An advanced course for juniors and seniors with strong writing skills, this course is a workshop-intensive introduction to arts writing, with a focus on journalism and digital writing. In the first half of the course, you will write pieces in 5 different genres of arts writing: analysis, review, trend piece, profile and essay. Each week we will discuss three student drafts. You are free to choose your topic and your deadline: all 5 pieces are due by Spring Break. In the second half of the course, you will specialize in one “beat” (literary fiction, hip-hop, video games, experimental music, etc.) You will create a blog and write about this beat three times a week. You will also, with others working in a similar area, assign your classmates three readings that showcase the best recent writing you have read in your beat.
Readings for the course will come from the following sources:
–The New York Times Arts & Culture Reader ed. by Don McLeese ISBN: 978-1-60426-480-7 (available in Oberlin Bookstore)
–Readings posted to this website: I may assign additional, current examples of arts writing to reflect class discussion/highlight notable articles published during the semester. –Your classmates’ drafts.
–Your classmates’ blogs.
–Widely and often in publications that do quality arts journalism in your beat.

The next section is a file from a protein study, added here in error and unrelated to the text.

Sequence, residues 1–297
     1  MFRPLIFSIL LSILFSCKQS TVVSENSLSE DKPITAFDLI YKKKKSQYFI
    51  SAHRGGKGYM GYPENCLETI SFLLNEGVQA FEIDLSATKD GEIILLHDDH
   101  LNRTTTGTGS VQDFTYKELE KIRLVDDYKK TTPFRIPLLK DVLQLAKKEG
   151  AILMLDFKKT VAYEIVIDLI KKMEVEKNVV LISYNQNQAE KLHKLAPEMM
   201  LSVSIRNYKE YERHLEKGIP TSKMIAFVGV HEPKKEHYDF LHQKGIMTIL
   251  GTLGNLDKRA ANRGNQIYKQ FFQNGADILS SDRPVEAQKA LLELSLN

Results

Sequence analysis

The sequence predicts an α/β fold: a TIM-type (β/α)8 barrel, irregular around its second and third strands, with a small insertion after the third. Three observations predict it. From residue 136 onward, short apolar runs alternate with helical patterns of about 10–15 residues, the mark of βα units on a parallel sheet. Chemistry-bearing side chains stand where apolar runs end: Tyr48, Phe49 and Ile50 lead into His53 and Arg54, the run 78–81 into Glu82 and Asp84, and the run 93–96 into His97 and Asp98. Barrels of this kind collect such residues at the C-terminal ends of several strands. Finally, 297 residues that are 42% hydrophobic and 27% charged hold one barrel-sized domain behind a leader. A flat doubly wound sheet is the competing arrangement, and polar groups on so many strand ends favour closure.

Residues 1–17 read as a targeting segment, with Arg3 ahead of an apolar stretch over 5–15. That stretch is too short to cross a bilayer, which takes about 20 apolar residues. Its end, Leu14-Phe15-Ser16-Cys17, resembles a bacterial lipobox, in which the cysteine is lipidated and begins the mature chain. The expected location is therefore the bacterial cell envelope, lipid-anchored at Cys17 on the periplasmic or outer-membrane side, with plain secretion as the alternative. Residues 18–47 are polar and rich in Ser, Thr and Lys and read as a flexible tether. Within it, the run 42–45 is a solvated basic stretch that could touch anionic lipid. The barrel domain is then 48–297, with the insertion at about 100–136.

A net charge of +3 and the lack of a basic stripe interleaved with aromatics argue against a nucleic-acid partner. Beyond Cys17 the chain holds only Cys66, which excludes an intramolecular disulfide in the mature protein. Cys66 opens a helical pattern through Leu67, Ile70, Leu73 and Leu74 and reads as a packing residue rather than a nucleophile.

Getting In Touch With Me/Finding Out About Class Updates
please email me at email@example.com (I have had some difficulty with oberlin.edu emails)
please speak with me about arranging a time to meet outside of class; my office hours will be by appointment.
I will use this website to make announcements, provide you with readings, etc. Please check it regularly (or subscribe).
Course Procedures & Participation
This is not a course you can do well in if you are not in the classroom with us, since it is very dynamic, collaborative and workshop-based. So show up. If you miss more than 4 classes you will not be able to pass. Similarly, this is not a good course for those who prefer to sit quietly: we need every student participating during our sessions for class to be productive.
Using A Public Website for Student Writing
You will be submitting your drafts to this website, which is open to the public (though let’s be honest: it won’t get much traffic). By becoming a student in this course you agree to have your writing accessible to everyone on the internet, in theory. However, you may request that I delete specific posts or replies after they have been discussed by the class, and I will hide the website after the course concludes.
From time to time, I will ask you to write something and post it to the website during class. Please arrive with a laptop, tablet, smartphone, etc. you can use. If this is not possible, please speak with me and we’ll make arrangements.
To make the most of this course, you will be able to use basic features of wordpress, particularly posting. Wordpress is simple to learn, and googling instrutions, WP support, etc. should be sufficient.